Blue and red

RedRock owner Ryhs W. Pasalich makes a Kiwi Planter’s Punch, a drink popular in his native New Zealand, featuring two kinds of vodka and several fresh juices.

RedRock owner Ryhs W. Pasalich makes a Kiwi Planter’s Punch, a drink popular in his native New Zealand, featuring two kinds of vodka and several fresh juices.

Photo/Eric Marks

I’ve never really thought of myself as cool. At best, I thought I straddled the line between uncool and cool, equally comfortable with the nerds and the popular kids. High school is a weird time. By the time I was in college, I’d like to think none of that mattered. Despite the social circles pretty much fading into meaninglessness, there are still places you go and people you hang out with that might be seen as cool or uncool, even when that social hierarchy disappears—you still are judged on the people you surround yourself with and the parties and other social events you attend. Now I’m just happy if my kids think I’m a cool dad.

Rewinding to my social heyday and not wanting to subject you to further rhapsodizing on beer week, I decided to revisit a place that might have been one of the coolest local spots a couple of decades ago. Some of you local GenXers might remember a bar called the Blue Lamp downtown, a hip spot to catch the Atomiks, hang out with artists and Burners before many people knew what that meant, and get some drink in you. Just as many of us have moved on in life, starting families, careers, growing up, so the Blue Lamp became the RedRock Bar.

On a random Monday after work, I wondered what the RedRock was like now, roughly 20 years since I drank there. Surrounded by banks, office buildings, and courthouses, is it an after-work stop for yuppies? Now that I’ve been there, I still don’t know what to think. Apparently a Blue Lamp employee bought the place, and it retains some of the same feel—neon art, the speakeasy basement with a pool table like back in the day. The RedRock is something of an enigma, starting outside—a Carlsberg beer sign hangs out front. Carlsberg? I don’t remember anyone drinking or mentioning Carlsberg anytime in recent memory. Or maybe ever. And it’s not just a sign, they have it on draft. Or they would have if almost all the draft beer wasn’t gone. A mere five taps, including nitro Guinness, and three of them were empty. Inquiring about other beer options, the selection of bottles sounded average—an assortment of readily available brands, at least most of them decent craft options rather than beer factory lager. Eyeballing the back bar, the spirits selection appeared mostly average as well, and when I asked the bartender what cocktails he was good for, shots was the answer. Not quite ready to take that plunge, I opted for something simple—well vodka with tonic. Nothing fancy, but it was a little disappointing thanks to flat tonic. I was curious but didn’t ask about the espresso machine.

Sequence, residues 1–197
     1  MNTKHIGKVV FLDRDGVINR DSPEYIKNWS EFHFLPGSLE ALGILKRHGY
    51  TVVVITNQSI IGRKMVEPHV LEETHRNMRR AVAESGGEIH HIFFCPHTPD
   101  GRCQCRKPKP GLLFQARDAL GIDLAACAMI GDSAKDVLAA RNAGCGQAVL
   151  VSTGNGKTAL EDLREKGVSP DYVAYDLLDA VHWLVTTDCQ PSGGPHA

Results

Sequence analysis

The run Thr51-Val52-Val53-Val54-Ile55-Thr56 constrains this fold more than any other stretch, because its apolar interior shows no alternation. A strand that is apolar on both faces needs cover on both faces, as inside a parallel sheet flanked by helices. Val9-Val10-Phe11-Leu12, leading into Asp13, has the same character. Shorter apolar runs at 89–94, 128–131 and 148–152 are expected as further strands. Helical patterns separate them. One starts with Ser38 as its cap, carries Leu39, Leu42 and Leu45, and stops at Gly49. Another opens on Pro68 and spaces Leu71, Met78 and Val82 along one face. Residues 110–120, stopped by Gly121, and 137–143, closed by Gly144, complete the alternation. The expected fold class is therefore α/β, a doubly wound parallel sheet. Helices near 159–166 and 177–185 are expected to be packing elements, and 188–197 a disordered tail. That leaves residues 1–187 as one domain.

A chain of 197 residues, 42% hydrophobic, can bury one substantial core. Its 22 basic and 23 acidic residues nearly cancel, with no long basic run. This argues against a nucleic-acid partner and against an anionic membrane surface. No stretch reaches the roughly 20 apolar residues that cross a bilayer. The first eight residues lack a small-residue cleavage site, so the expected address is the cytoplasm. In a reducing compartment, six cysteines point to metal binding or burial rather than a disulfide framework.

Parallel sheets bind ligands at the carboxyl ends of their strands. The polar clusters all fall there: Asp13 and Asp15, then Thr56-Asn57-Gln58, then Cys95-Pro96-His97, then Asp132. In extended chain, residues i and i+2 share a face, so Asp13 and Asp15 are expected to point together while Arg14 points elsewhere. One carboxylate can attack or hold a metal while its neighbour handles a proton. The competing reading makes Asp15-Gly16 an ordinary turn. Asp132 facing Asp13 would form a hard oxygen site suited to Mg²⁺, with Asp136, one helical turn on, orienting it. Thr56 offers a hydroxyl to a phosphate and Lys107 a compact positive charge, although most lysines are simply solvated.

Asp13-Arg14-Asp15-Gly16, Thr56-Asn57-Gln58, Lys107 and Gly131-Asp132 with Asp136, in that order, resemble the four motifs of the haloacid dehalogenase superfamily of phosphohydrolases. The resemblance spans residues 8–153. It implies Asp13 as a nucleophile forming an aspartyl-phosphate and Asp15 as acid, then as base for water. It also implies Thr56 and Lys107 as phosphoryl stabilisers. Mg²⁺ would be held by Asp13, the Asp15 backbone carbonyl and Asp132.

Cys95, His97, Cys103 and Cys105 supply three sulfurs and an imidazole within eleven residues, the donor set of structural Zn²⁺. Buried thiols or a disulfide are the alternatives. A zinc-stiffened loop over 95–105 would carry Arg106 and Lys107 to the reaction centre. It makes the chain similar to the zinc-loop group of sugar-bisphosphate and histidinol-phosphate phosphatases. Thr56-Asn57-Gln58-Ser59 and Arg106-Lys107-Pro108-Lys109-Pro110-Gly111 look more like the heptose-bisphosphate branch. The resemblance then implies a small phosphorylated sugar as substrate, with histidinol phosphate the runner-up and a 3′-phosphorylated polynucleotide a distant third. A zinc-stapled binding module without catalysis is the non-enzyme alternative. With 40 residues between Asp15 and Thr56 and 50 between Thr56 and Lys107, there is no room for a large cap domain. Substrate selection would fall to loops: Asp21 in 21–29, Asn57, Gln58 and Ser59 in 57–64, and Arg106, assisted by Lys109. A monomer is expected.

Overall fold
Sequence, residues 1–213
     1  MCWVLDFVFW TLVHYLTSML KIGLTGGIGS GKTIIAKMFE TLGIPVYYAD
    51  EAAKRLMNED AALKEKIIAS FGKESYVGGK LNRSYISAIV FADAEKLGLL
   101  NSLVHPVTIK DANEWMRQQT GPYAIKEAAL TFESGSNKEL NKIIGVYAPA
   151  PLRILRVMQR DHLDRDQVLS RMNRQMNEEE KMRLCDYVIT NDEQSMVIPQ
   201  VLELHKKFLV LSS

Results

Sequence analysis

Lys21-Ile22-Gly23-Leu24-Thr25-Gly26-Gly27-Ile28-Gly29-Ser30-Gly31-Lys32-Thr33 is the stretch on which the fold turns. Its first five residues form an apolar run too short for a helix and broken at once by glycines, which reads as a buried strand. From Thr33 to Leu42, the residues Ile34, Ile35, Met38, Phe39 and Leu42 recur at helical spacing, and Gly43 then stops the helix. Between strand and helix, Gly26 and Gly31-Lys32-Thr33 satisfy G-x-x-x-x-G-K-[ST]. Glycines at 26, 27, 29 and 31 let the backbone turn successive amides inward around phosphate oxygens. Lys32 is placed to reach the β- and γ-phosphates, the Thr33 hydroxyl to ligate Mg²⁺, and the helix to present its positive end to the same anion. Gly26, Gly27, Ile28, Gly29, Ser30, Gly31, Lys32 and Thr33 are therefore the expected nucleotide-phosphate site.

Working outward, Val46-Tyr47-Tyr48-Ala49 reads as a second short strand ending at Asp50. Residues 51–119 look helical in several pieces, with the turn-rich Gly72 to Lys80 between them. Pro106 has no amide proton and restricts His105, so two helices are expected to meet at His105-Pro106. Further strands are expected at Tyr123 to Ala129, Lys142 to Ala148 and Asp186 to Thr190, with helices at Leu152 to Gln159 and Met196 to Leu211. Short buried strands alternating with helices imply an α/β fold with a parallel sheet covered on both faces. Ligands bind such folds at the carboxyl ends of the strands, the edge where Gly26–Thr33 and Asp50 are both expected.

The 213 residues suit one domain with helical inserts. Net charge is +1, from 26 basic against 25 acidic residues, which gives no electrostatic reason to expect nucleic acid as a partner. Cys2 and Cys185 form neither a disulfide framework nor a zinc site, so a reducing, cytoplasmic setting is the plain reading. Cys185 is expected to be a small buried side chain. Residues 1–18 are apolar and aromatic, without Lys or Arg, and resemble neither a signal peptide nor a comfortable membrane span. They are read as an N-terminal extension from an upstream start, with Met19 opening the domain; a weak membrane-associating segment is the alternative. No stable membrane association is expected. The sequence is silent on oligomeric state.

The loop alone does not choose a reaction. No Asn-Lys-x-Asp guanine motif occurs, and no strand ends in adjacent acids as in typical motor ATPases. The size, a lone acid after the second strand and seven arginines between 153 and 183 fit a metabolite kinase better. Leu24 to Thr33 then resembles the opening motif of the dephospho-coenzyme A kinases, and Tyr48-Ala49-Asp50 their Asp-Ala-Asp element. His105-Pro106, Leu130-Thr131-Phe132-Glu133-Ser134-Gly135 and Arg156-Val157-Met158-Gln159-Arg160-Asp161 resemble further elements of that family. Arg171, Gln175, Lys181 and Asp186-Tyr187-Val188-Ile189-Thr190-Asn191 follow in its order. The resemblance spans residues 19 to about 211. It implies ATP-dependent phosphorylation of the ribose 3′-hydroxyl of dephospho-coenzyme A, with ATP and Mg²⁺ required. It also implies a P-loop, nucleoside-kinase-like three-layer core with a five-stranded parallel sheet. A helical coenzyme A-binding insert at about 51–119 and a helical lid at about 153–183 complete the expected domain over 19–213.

So it’s not really a beer bar or a cocktail bar, and with only two other customers, obviously regulars, I couldn’t decide what kind of crowd it draws. I thought the Carlsberg might be a hipster retro thing like PBR, but I really didn’t get that vibe—most of the cool here felt like Blue Lamp leftovers and my own nostalgia. What is this place? The accessible alternative music playing from a laptop gave no clues. It’s not really a dive or a trendy spot. I don’t think the college crowd comes here. Lawyers? Or maybe this is still an artist’s bar? Maybe there’s a late night shuffleboard scene.

Aside from a few missteps like empty taps and flat tonic, the RedRock seems OK. It’s clean, artfully decorated, and not too loud or smoky. And I don’t care how cool a crowd it draws.